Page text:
Friday, 26 June 2009
The Overwork Culture
Today I managed to listen to some music. A few songs that I really wanted to listen to. I managed to listen to some good music for more than 20 minutes. I have not been able to do something so simple in a relatively long time. Why?
When I return from work during the week (at around 17:30), I am usually so tired and hungry that my first thoughts normally revolve around food. What am I going to eat? Are the necessary ingredients available in the kitchen? How long will the cooking take?
Once the food issue is dealt with, the Insurance Law coursebook on one of the tables reminds me that my exam is only a few months away. And that I still have to memorise tons of cases, some of which date back to the 18th century!
All the above after what is normally a fairly hectic day at the office. I really enjoy what I do, but the never-ending demands coming from above and the ultra-tight deadlines that are sometimes given could easily make one feel pretty squeezed! :)
When surveying various workplaces in Malta (and even abroad), it seems that there has been a great intensification of the work done by several employees over the past decade or so. As far as skills are concerned, it appears that many employers have been expecting more flexibility from an increasing number of workers. Nowadays, it is not uncommon to hear various individuals saying that they are doing the work that should be done by three people!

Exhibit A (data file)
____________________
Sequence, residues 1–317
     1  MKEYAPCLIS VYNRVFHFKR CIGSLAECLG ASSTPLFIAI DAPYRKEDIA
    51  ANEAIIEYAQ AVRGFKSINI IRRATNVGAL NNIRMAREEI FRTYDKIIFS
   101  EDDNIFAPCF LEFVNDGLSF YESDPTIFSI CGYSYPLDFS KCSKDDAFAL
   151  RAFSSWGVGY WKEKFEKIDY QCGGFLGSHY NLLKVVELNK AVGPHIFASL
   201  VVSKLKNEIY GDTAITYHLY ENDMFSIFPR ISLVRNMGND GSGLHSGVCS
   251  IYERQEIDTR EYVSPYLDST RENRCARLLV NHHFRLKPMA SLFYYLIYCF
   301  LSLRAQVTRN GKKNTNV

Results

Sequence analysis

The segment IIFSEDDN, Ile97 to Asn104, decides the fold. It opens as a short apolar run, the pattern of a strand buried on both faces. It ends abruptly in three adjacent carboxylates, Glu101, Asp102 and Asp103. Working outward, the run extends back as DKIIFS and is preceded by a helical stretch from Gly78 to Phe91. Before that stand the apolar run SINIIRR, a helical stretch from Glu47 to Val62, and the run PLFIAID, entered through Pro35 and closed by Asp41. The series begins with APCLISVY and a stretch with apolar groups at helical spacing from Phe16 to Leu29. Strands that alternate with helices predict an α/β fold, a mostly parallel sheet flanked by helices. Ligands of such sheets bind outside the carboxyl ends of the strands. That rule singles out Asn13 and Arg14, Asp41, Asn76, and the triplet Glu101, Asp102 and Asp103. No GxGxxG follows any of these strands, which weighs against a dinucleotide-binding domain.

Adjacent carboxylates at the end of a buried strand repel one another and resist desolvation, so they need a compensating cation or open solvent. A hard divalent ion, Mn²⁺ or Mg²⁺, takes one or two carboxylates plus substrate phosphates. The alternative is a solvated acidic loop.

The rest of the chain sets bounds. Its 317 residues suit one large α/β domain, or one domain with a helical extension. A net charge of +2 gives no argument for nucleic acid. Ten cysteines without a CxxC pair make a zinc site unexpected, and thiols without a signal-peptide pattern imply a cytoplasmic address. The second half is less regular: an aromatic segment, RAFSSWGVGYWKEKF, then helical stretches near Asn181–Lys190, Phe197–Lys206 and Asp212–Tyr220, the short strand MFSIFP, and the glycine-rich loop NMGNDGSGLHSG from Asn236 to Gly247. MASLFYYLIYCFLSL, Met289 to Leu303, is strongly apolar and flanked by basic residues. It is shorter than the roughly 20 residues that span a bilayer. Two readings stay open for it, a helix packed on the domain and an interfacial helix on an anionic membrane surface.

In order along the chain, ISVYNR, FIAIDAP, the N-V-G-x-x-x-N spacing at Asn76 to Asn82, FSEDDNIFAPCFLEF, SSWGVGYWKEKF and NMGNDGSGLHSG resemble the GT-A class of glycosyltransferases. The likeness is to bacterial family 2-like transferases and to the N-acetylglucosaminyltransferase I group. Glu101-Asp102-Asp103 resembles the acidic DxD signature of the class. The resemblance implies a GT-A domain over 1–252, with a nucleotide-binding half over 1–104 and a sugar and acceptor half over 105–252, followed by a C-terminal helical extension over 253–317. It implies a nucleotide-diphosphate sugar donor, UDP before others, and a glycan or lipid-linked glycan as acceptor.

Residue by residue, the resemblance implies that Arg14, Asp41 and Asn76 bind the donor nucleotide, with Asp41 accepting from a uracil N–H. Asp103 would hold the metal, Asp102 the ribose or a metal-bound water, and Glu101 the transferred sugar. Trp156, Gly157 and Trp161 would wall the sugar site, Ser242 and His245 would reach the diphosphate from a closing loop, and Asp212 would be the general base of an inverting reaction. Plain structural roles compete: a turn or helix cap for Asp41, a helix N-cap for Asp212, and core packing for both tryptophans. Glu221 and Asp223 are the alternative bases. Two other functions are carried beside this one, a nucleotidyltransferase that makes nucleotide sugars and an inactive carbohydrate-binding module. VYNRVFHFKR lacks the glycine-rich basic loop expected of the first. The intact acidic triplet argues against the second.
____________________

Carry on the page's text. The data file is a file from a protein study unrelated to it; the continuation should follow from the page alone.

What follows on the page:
The intensification of the work done by thousands of employees could be regarded as a product of the overwork culture. A few months ago, I read an excellent book by Madeleine Bunting about this subject entitled Willing Slaves: How the Overwork Culture is Ruling Our Lives (2004). Focusing on the British working environment, the book's blurb states that "Work-related stress is soaring and Britain has one of the highest rates of job insecurity in the world. Over a third of the workforce is so exhausted at the end of a day's work that they can only slump on the sofa...Technology was supposed to create a leisure society. Yet the British are experiencing job intensification in every office, classroom, shopfloor and hospital as a cult of efficiency drives ever more exacting targets. The phenomenon has been masked by a type of management which promises much but delivers one of the most exploitative and manipulative work cultures developed since the Industrial Revolution."
Although the book deals mainly with the situation of many workers in Britain, there are many parallels that could be drawn when focusing on Malta. For instance, I believe that the following assertion could also apply to many employees in Malta, even though the statistics might be a bit different: "Nearly 46 per cent of men and 32 per cent of women work more hours than they are contracted for...For about 2.4 million [people] there's no overtime pay; their organisations depend on motivating the free labour they need because it is one of their cheapest resources. Don't employ more people, just devise an organisational culture which will ensure that people will give you their free time for free" (p. 7).
I yearn for more hours to spend doing other things besides working. It would be so nice if the working day were shorter so that one could have more time to spend with their loved ones. Or to indulge in various activities.
In view of the above, I keep asking myself: where are the trade unions? Where are the organisations campaigning for an acceptable work-life balance? And which political party is really doing something about the overwork culture that has, unfortunately, also invaded our country?
It is now time to go back to my work-related studies...